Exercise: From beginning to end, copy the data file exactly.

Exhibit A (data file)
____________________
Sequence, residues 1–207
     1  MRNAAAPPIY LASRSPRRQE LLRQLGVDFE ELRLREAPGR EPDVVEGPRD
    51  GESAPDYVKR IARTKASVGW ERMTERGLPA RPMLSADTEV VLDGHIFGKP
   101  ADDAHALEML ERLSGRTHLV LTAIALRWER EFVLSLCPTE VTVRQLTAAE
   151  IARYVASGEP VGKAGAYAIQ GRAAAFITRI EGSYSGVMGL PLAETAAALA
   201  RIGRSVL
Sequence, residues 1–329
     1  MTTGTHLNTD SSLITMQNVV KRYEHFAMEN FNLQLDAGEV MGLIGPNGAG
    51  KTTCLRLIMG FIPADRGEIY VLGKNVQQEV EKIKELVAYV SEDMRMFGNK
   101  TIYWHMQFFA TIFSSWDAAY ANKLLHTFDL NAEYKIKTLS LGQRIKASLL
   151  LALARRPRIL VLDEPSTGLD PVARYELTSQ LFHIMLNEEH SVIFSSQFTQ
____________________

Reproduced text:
Sequence, residues 1–207
     1  MRNAAAPPIY LASRSPRRQE LLRQLGVDFE ELRLREAPGR EPDVVEGPRD
    51  GESAPDYVKR IARTKASVGW ERMTERGLPA RPMLSADTEV VLDGHIFGKP
   101  ADDAHALEML ERLSGRTHLV LTAIALRWER EFVLSLCPTE VTVRQLTAAE
   151  IARYVASGEP VGKAGAYAIQ GRAAAFITRI EGSYSGVMGL PLAETAAALA
   201  RIGRSVL
Sequence, residues 1–329
     1  MTTGTHLNTD SSLITMQNVV KRYEHFAMEN FNLQLDAGEV MGLIGPNGAG
    51  KTTCLRLIMG FIPADRGEIY VLGKNVQQEV EKIKELVAYV SEDMRMFGNK
   101  TIYWHMQFFA TIFSSWDAAY ANKLLHTFDL NAEYKIKTLS LGQRIKASLL
   151  LALARRPRIL VLDEPSTGLD PVARYELTSQ LFHIMLNEEH SVIFSSQFTQ